Journals of the Sieges of the Madras Army, in the Years 1817, 1818, and 1819: With Observations on the System, According to which Such Operations Have Usually Been Conducted in India, and a Statement of the Improvements that Appear Necessary. With an Atlas of Explanatory Plates

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Kingsbury, Parbury, and Allen, 1825 - British - 255 pages

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Page iii - Journals of the Sieges of the Madras Army, in the years 1817, 1818, and 1819, with Observations on the System according to which such Operations have usually been conducted in India, and a Statement of the Improvements that appear necessary.
Page 192 - ... grenadiers, supported by Captain Currie with his light infantry, mounted the breach before the enemy had recovered from their consternation, while Lieutenant George Hampton, bounding so far ahead of his men as to be nearly cut off, carried with his flank companies the enemy's works to the right. Ten minutes after the explosion the inner fort was carried, and in the course of an hour the whole of the works were in the hands of the assailants. Two hundred of the enemy fled from the gate of the...
Page iii - A Memoir of the Operations of the British Army in India during the Mahratta War of 1817, 1818 and 1819 by Lieut.
Page 191 - ... Engineer was mortally wounded. On the 25th the sap had reached the crest of the glacis, where a six-pounder battery was established and two mortars were brought into it. On that night the Engineer commenced his mine, which was completed on the 29th. The day of the 30th was employed in battering, and in the evening the breaches assumed a very respectable appearance. Shells and grape were thrown into them during the night. On the 31st, the breaches being reported practicable, orders were issued...
Page 188 - ... retired, and was pursued some miles by Lieutenant Sutherland and a party of Reformed Horse, but owing to the darkness of the night he effected a safe retreat. On the 20th a party from the garrison made a sortie, driving in the working party and destroying a small portion of the works, but the guard of the trenches obliged them to retire.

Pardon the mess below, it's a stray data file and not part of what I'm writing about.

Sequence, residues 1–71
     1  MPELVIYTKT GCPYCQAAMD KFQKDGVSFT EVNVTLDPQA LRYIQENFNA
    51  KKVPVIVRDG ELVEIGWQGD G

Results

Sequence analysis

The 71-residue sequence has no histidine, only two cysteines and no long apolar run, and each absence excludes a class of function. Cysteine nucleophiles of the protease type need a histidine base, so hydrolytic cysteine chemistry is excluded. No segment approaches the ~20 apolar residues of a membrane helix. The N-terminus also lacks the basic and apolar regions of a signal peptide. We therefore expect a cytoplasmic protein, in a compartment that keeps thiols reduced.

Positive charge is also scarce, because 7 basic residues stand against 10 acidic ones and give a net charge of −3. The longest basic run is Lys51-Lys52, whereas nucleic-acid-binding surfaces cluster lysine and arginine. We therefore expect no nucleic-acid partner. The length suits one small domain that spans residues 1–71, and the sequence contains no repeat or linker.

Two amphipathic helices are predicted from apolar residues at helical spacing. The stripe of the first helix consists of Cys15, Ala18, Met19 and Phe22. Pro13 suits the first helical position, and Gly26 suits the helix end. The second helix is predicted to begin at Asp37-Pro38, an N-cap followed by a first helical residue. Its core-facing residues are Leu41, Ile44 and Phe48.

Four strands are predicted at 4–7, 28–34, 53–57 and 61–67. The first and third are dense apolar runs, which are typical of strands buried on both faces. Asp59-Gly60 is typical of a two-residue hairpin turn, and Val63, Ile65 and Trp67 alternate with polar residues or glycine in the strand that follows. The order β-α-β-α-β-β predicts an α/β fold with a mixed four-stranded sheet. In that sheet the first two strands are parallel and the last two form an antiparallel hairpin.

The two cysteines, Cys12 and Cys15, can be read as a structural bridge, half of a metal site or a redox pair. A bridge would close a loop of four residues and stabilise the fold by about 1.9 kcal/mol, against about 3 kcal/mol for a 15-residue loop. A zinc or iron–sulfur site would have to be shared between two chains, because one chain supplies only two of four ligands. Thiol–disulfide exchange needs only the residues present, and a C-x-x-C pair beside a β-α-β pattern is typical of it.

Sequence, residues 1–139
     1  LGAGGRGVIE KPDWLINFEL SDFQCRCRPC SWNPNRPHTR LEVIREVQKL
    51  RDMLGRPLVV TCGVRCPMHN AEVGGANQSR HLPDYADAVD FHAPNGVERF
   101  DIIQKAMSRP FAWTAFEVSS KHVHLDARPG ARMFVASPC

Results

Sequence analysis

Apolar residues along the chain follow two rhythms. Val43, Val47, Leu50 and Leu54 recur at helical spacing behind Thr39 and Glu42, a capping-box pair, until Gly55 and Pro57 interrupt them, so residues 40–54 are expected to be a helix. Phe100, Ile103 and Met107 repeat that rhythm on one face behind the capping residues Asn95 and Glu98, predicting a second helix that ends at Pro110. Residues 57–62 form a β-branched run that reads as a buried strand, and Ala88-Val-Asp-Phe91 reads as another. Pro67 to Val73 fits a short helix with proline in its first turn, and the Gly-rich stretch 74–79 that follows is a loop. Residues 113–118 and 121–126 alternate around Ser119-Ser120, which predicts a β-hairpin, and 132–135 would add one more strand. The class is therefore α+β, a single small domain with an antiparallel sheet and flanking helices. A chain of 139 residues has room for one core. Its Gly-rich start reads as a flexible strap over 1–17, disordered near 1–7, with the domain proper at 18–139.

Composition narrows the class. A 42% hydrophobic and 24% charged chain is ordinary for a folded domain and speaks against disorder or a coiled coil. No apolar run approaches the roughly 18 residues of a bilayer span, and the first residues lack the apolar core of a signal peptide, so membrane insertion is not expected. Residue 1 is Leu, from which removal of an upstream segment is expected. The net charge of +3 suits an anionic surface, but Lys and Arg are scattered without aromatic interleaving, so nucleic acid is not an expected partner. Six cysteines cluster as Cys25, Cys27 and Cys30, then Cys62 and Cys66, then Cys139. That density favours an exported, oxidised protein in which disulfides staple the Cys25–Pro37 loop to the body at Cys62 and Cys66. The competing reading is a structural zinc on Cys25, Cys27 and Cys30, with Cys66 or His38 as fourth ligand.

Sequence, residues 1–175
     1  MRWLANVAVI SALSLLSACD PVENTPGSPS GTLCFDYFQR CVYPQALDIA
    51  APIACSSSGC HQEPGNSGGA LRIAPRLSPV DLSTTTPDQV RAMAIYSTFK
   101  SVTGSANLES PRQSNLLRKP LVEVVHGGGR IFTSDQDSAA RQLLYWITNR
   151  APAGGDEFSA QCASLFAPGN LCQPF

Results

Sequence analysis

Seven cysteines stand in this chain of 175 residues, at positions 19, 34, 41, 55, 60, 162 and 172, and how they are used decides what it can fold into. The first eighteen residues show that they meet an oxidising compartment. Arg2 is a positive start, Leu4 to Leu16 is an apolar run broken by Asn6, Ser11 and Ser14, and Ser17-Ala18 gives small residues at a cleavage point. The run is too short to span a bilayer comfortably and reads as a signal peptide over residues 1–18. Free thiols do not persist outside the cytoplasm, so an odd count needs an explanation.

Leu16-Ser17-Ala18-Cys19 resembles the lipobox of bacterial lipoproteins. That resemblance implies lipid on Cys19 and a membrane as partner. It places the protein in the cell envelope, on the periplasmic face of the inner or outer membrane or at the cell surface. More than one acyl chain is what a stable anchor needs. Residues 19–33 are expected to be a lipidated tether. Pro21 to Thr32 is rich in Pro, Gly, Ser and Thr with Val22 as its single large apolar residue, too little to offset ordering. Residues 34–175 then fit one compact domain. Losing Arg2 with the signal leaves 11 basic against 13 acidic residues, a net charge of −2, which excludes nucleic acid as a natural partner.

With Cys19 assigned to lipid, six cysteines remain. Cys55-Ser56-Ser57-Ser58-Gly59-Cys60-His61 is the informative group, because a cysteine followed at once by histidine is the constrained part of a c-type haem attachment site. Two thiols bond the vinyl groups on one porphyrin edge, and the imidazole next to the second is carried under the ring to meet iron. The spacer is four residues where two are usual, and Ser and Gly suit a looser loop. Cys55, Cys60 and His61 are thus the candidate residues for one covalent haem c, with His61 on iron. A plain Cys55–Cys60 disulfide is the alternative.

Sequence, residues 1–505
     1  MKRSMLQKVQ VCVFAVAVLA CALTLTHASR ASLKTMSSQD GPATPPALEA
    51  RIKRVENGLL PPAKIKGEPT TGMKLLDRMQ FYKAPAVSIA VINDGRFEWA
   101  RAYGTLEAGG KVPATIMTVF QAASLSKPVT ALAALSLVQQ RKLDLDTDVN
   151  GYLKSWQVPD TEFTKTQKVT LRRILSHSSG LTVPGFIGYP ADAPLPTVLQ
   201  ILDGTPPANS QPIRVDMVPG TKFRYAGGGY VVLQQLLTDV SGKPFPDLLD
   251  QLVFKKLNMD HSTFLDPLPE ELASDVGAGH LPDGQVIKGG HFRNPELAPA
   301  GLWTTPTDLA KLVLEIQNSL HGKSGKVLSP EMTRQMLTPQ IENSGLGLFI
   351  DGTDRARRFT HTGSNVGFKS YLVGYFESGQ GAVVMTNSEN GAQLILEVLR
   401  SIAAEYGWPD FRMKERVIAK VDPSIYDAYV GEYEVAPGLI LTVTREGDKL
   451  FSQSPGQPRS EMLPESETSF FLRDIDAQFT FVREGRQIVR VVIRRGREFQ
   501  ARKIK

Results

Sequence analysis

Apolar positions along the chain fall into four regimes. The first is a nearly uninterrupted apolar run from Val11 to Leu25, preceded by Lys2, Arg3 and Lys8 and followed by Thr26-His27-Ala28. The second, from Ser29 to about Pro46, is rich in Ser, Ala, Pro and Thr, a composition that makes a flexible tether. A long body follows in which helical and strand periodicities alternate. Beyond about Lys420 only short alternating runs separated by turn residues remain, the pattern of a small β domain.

Page 188 - Howaji, with a party of horse, to surprise our camp from the rear ; but the sentries being on the alert, the piquets soon turned out, and after a little firing he retired, and was pursued some miles by Lieutenant Sutherland and party of reformed horse, but owing to the darkness of the night he effected a safe retreat.
Page 109 - Thirty hill-fortresses, each of which might have defied the whole Anglo-Indian army, fell in the course of a few weeks ; and this vast Mahratta empire, which had overshadowed the East, and before which the star of the Mogul had become pale, was annihilated.' After the siege of Asseerghur the armies of the three presidencies returned to their several stations and cantonments in Bengal, Madras, and Bombay ; and the regions which had been crossed and recrossed, and traversed in all directions by immense...
Page 164 - Baugh, to a ravine on the left of the attack, to enable the working parties to arrive under cover. " As the approaches are to be carried up a ravine, exposed to a direct fire in front, and a flanking fire on each side, it becomes an object of the first importance to knock off the defences CHAP, of the flanks, and to prevent the enemy from rolling down stones.
Page 165 - To distract the enemy's attention from the real point of attack, it is advisable that, the evening previous to constructing the batteries, possession should be taken of the lower works on the pettah side, and a battery constructed to play upon the gateways. ' ' By these means the garrison will be deprived of all hopes of escape, and their uncertainty as to the true point of attack will weaken their efforts to oppose us. " On the same principle, I recommend that the south-east face should be breached...
Page 176 - Sindiah would be very angry with him;" and on being answered that, "he had just cause" he said, " Yes, he will reproach me much for having fought so badly with so fine a Fort, he will say I ought to have died.

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